Local stories that inspire
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We published our annual Top 10 local news stories of the year in Monday and Tuesday's editions. As is often the case, they mostly involved breaking news, shocking events or ongoing controversies that impact our readership in some way. Moreover, nine out of 10 this year had, at least partly, a "negative" slant.
There are plenty of other stories, of course, that stick with us over a year's time that are more positive. Here's a few on my list.
- This one starts with a negative, too: The Flood of 2011. But what a pleasure it was to report one year later, in September 2012, the story of Russ Moroz, the Kulpmont man who turned the devastation of the flood into a new construction business.
- Eighty-one people participated in the local Tunnel to Towers Race on Sept. 8, with Denis Driscoll Jr., of Staten Island, New York City Fire Department Ladder 108, serving as grand marshal. A friend of the family of Stephen Siller, whose 9/11 heroism led to the creation of New York City's Tunnel to Towers Run, showed his gratitude for what Shamokin area firefighters have done in supporting the New York event by coming to the local race. "It is important for me to see outside of New York city fellow Americans honor that fateful day when thousands of lives were taken from us," he told us while cheering runners near the finish line. "Every footstep counts."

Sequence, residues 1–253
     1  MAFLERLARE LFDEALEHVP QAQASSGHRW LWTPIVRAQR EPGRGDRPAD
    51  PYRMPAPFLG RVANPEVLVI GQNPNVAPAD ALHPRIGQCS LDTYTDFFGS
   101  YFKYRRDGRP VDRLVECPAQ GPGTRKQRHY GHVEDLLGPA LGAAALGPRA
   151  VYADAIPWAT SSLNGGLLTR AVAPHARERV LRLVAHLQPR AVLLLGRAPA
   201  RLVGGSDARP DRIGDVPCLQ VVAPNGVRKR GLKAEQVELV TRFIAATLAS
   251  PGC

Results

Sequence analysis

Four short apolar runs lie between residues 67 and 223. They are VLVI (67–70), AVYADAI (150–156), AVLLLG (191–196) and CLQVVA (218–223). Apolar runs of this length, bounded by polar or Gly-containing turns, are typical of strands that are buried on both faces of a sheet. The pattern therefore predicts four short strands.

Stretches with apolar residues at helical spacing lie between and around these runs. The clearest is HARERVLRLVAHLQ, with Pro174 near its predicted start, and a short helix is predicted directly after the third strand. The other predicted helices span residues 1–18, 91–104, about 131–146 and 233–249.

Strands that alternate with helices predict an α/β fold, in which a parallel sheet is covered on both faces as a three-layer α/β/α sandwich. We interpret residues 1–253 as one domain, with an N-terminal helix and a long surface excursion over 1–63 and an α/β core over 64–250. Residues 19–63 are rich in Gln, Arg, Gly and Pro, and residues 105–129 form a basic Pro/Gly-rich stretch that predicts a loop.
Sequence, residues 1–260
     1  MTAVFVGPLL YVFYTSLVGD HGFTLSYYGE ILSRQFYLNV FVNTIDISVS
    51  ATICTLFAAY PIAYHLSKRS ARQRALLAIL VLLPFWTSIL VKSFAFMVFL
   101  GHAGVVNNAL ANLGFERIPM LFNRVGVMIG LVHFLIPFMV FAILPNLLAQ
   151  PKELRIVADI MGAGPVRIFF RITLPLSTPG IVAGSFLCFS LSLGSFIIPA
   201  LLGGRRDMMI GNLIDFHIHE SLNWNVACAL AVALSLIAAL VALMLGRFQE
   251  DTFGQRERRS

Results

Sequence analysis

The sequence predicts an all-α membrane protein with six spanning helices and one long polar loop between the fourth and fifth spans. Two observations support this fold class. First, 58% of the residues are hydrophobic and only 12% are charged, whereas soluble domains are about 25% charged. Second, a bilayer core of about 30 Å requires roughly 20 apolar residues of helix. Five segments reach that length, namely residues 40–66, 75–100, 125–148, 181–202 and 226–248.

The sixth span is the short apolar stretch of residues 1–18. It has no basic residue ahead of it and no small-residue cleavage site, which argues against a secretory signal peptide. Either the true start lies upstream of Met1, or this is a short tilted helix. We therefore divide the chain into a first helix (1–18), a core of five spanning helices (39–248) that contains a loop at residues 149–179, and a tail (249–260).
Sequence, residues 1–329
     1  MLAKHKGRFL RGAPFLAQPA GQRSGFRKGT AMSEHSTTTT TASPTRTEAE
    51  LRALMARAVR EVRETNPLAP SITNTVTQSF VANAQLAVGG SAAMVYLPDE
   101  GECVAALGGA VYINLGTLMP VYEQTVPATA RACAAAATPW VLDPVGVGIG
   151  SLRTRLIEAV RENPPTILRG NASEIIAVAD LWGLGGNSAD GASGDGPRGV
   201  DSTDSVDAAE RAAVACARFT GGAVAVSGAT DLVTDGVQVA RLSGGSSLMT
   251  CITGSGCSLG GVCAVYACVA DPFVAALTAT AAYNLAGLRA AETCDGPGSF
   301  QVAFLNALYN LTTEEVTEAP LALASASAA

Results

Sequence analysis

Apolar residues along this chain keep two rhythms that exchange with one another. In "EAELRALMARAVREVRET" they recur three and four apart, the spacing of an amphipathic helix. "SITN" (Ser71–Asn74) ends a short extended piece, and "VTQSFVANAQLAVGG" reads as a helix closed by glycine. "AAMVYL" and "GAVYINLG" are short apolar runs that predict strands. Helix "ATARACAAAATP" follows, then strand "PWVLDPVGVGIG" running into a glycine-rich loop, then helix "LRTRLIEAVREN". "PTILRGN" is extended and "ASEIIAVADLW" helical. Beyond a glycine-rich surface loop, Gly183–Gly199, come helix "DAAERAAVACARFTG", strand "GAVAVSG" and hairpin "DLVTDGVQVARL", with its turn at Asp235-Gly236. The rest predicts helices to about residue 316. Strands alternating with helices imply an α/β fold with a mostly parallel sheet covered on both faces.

- Readers couldn't help but smile when they read the story of jovial Mount Carmel barber Roy Edmonds selling his business after 51 years to his apprentice, Jess Hadfield, - for $1. A lifetime of appreciation was summed up in this quote, "The town has given me a good life, and I want to do the same for Jess." Of course, Edmonds, known for his humor as well as his generosity, added about his continued work in retirement, "I work for him now ... under duress."
- Last year was one of renewed focus on the fight against blight, and the formation of a countywide task force is among the year's most important developments in that regard. But at the top of the list for inspiring tales related to removing blighted properties is that of Ranshaw's Robert Wagner, who, as we reported on Oct. 7, made his community pride and concern for safety quite clear through his own pocketbook by tearing down an abandoned, dilapidated, four-story apartment building next door.
"I decided enough was enough," Wagner told us at the time. Added a neighbor, "I'm proud of him; he takes pride in the community."
- Finally, and on a related topic, we can all be inspired by the efforts of Rosiland Kane. The 9-year-old, tired of seeing garbage on the streets of Shamokin and Coal Township, organized several cleanups in which she was joined by enthusiastic neighbors.
"She's one little person, and she has so many big ideas," said her mother, Marla. "She says if you can get everyone together, you can change things."
We agree with Rosiland, and hope her attitude is contagious in 2013.
(Heintzelman, editor of The News-Item, writes "The Week In News" for each Saturday edition.)